Archive for March, 2020


This is a post from 2009, but I thought it needed to be published again. With Coronavirus, quarantines, and a lot of uncertainty, the gospel of Jesus Christ is something we can absolutely count on. It’s the most important message of this, or any, time.

Coram Deo


Every now and then, we need to be reminded of what’s really important. What’s really important is the gospel, the good news of Jesus Christ.

As the church of Jesus Christ, we know our purpose – to glorify God, our mission – to make disciples of all the nations, and our objectives – evangelism, worship, fellowship, discipleship, ministry/service. But what is our message? Our message is the gospel.

God created us to glorify Him and enjoy Him forever. We were meant to have intimate fellowship with Him and each other.

It’s painfully obvious, though, that something has changed in that relationship. It’s called sin. Adam and Eve, our first parents, disobeyed God and sought to be their own gods, in effect. As a result, they were removed from the garden of Eden, alienated and separated from God. Adam and Eve also passed their sin on to you and me…

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Luckiest Man: The Life and Death of Lou Gehrig by Jonathan Eig is a book I’ve waited a long time to read. Gehrig has always been one of my favorite baseball players, especially after I watched a movie called “Pride of the Yankees” when I was in elementary school.

It shouldn’t be surprising that the movie is a Hollywood version of Gehrig’s story and not the complete picture (as is true of most movies). Eig’s account gives the actual story of a great baseball player cut down in the prime of life by a disease that now bears his name. It’s gritty, touching, and, most importantly, real.

It’s said that we should never meet one of our heroes because we’ll be disappointed. Reading about them in a biography can have the same effect, but in this case (for me) it helped to know that everyone is a package. We all have strengths and weaknesses – we’re mixed bags (even those of us who are Christians!) as was Gehrig. I learned a lot about Gehrig and was surprised in spots, but not disappointed.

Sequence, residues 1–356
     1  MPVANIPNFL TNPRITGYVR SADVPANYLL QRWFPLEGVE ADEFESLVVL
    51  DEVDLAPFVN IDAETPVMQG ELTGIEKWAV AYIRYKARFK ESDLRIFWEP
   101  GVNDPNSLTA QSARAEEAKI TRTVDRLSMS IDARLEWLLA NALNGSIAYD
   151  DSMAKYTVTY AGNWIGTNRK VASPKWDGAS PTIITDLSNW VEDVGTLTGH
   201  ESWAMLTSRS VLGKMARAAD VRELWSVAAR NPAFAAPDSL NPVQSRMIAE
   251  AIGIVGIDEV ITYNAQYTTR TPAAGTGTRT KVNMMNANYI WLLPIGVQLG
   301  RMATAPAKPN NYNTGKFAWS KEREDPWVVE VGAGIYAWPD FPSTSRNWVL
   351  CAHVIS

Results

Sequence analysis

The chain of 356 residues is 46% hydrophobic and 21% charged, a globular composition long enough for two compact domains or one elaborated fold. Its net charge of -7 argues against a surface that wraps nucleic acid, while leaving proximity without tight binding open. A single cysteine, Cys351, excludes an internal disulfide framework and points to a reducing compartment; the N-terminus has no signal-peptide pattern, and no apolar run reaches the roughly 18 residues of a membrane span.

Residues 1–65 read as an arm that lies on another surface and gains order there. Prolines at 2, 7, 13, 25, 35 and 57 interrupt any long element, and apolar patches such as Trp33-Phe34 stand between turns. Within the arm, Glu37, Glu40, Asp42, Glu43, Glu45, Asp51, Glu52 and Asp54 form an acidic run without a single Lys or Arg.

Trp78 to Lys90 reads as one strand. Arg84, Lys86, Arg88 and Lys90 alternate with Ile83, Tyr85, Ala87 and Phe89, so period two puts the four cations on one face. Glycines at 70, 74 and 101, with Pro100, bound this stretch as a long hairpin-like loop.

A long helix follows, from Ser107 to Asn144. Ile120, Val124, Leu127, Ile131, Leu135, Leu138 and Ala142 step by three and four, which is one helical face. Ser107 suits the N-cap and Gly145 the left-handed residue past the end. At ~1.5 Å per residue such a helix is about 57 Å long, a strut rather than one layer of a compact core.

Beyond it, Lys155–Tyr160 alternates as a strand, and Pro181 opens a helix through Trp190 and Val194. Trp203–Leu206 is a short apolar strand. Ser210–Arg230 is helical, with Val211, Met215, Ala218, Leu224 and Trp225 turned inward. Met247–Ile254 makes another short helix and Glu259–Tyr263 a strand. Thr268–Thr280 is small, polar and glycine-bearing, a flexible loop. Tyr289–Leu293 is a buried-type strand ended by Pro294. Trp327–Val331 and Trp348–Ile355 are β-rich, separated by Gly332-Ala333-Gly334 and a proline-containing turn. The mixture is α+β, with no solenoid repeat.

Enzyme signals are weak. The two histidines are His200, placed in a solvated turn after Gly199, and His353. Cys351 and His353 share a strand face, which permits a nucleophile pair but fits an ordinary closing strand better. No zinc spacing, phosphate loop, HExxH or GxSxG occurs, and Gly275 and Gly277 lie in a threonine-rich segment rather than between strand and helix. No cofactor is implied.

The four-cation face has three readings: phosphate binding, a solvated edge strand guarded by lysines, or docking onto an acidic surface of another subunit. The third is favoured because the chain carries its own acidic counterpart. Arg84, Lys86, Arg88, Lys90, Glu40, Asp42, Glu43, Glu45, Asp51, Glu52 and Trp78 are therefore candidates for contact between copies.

Eig has captured Gehrig the baseball player and Gehrig the man in his book. I recommend it!

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I needed the passage of Scripture I read and meditated on this morning in my devotions. It was Luke 1:67-80.

(Take a few minutes and read it. Go ahead, I’ll be here when you get back!)

It was so important because I can be irritable, and there are times when it doesn’t take much to trigger it. With all that is going on because of the Coronavirus, my old “friend” irritability has knocked on the door quite a few times. 1 Corinthians 13:5 says that love is not “irritable” (ESV), which the NASB translates as “provoked.” Irritability is closely related to ungratefulness and unthankfulness, both of which are poisonous.

The Lord spoke directly to this in His Word this morning. Zacharias, the father of John the Baptist, was unable to speak after he balked at God’s promise of a son (Luke 1:18-20). After his son was born, Luke 1:67-68 say, “And his father Zacharias was filled with the Holy Spirit, and prophesied, saying: ‘Blessed be the Lord God of Israel, for He has visited and accomplished redemption for His people.”

Notice the first words that came out of the priest’s mouth were praise and thanksgiving, as he was filled with the Holy Spirit. He praised God because his son, John, would be the forerunner and prepare the way for the long-awaited Messiah, Jesus Christ! The rest of the passage (verses 69 through 79) is a string of pearls – quoting one Old Testament prophet after another – exclaiming his great joy.

What grabbed me was this: I can always praise God and give thanks to Him for the redemption of His people, which was accomplished by His Son Jesus Christ! My circumstances or feelings, like thick fog, can obscure my view of the many, many blessings which God has given me by His grace. But I can be certain there are clear skies above that fog – beautiful blue skies – and that there is coming a day when there will be no more fog (and no more irritations or irritability), only because of the saving work of Jesus on our behalf.